There was little doubt that when the "Harry Potter" franchise finally came to a close after a decade-long presence at the multiplex, it would do so in epically lucrative fashion. But only when "Deathly Hallows, Part 2" actually began lighting up screens last Thursday at midnight did the true extent of its box-office power become clear: The film raked in a record $43.5 million at those early screenings and ended up shattering the three-day opening record of "The Dark Knight."
"While I assumed it would have the best 'Harry Potter' debut of all time, I wasn't quite sold on the fact that it could eclipse the 'Dark Knight' record, as none of the previous films, although highly successful, have ever approached that staggering number, despite having one of the most rabid fanbases filmdom has ever seen," said Jeff Bock, box-office analyst for Exhibitor Relations. "This was monumental, as it seems everyone wanted to be a part of the discussion, everyone wanted to say goodbye to dear friends, and everyone wanted to experience the magic on the big screen one more time."
But not everyone wanted that magical experience in 3-D. While "Deathly Hallows, Part 2" benefited from the largest 3-D launch ever, according to Box Office Mojo, a majority of ticket buyers choose 2-D screenings, with just 43 percent of its total gross coming from 3-D screenings ("Transformers: Dark of the Moon," by comparison, earned 60 percent of its opening gross from 3-D showings). So, although "Deathly Hallows, Part 2" opening marks the second-biggest 3-D opening after "Alice in Wonderland," the last "Potter" film wasn't a 3-D must-see — it was a pop-culture must-see.
But insiders hardly predicted how intense the get-out-to-the-theater urge would be. Phil Contrino, editor of Boxoffice.com, pointed at social-networking sites as the key factor that raised awareness and drove ticket sales in the days leading up to release. The franchise's Facebook page added 870,000 new "likes" last week and Twitter registered more than 225,000 tweets in that time frame. "It clearly showed that even casual fans of the series were excited about the last installment," he said. "You can't break records with just die-hard fans — you have to expand the base. That's exactly what 'Part 2' did."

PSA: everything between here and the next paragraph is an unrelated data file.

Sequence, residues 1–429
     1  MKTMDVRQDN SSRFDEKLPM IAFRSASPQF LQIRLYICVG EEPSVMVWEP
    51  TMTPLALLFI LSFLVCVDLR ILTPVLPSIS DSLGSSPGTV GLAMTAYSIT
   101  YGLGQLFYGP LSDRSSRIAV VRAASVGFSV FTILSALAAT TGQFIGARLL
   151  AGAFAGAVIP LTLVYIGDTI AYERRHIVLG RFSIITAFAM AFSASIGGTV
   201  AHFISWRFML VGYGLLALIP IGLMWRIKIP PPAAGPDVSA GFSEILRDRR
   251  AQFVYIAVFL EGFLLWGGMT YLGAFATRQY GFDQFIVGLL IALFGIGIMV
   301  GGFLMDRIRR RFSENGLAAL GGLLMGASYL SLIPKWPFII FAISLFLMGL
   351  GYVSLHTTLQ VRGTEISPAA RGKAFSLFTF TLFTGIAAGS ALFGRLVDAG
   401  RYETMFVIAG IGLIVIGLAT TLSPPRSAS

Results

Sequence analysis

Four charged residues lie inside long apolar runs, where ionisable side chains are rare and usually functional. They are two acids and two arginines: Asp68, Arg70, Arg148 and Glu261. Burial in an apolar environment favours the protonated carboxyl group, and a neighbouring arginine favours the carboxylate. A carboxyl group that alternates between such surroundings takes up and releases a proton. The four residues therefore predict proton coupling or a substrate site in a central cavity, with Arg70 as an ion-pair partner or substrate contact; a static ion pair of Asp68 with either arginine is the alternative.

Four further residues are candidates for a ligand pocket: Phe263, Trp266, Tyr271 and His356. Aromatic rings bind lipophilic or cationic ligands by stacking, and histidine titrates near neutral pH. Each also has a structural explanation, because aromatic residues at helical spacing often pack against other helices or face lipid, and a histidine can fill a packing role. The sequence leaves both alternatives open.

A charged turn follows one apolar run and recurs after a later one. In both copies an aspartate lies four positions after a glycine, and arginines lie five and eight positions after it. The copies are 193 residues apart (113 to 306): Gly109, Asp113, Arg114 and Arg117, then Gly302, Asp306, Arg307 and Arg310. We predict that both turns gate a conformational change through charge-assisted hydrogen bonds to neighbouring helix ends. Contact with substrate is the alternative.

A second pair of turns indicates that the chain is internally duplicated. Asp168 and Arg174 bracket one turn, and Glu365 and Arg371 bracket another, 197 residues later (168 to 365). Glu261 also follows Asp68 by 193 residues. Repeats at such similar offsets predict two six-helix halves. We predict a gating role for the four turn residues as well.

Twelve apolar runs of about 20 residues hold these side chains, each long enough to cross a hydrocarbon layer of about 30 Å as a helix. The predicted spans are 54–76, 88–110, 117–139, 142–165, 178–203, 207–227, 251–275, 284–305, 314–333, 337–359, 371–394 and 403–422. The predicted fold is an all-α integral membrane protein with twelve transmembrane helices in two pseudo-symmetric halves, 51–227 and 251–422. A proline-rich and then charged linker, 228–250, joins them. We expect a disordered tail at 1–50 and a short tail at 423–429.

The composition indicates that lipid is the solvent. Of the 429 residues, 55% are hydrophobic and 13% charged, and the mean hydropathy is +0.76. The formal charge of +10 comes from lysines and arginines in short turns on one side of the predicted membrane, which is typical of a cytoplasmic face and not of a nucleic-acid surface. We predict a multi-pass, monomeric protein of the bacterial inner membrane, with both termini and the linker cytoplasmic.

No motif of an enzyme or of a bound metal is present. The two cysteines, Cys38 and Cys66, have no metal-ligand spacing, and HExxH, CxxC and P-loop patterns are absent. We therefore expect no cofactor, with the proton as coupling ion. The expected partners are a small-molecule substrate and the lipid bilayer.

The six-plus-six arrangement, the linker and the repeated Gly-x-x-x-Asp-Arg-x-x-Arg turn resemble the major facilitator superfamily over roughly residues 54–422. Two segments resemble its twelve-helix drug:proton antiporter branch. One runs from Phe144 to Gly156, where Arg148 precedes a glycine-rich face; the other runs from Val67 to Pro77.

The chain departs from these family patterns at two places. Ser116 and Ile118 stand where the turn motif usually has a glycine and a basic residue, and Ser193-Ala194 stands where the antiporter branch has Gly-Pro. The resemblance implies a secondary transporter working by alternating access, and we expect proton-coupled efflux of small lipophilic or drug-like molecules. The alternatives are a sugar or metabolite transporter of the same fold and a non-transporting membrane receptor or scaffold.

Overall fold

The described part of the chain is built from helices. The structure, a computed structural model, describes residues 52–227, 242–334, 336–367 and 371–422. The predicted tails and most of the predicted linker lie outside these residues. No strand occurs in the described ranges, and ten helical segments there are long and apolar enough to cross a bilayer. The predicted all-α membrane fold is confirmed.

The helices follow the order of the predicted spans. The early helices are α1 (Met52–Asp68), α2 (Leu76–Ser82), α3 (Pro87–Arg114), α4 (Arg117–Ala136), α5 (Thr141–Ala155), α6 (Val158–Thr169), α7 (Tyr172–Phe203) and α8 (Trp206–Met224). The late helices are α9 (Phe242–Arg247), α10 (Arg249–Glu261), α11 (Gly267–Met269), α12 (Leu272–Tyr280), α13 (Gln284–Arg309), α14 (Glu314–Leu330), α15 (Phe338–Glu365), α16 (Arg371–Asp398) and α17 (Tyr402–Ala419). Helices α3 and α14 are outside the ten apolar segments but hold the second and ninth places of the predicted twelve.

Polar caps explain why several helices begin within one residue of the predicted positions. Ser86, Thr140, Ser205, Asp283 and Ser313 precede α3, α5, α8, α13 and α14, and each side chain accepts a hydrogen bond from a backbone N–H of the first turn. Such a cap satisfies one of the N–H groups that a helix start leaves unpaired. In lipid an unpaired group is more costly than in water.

Just don't expect it to do what "Avatar" did. James Cameron's sci-fi flick built slowly and stayed at the top of the box office for weeks. "Deathly Hallows, Part 2," by contrast, experienced a hefty, 53 percent drop from Friday to Saturday, showing the film, like so many blockbusters before it, was a frontloaded theatrical event. While it will safely become the biggest movie of the summer, these wizards won't be able to compete with Cameron's big blue aliens, who drove "Avatar" to $2.8 billion worldwide.
"While the global grosses of 'Avatar' and 'Titanic' will likely be out of reach, expect 'Deathly Hallows, Part 2' to become the third-highest grossing movie ever once it exits theaters, and surpasses 'Lord of the Rings: Return of the King,' which hauled in $1.1 billion worldwide, " Bock said.
"Harry Potter," then, is on the verge of unseating "Star Wars" to become the most lucrative franchise in movie history. While some franchises struggle to maintain early success (see this summer's "Transformers" and "Pirates of the Caribbean" films), "Potter" has had no such problems. The example that Warner Bros. has set with its boy wizard is one that other studios wrapping up franchises would be wise to follow.
" 'Potter' fans grew up and didn't abandon the series, but that could happen with 'Twilight,' " Contrino said. "You have to mature at the same pace as your audience. The 'Potter' series grew darker and more compelling as its audience aged. It worked perfectly."
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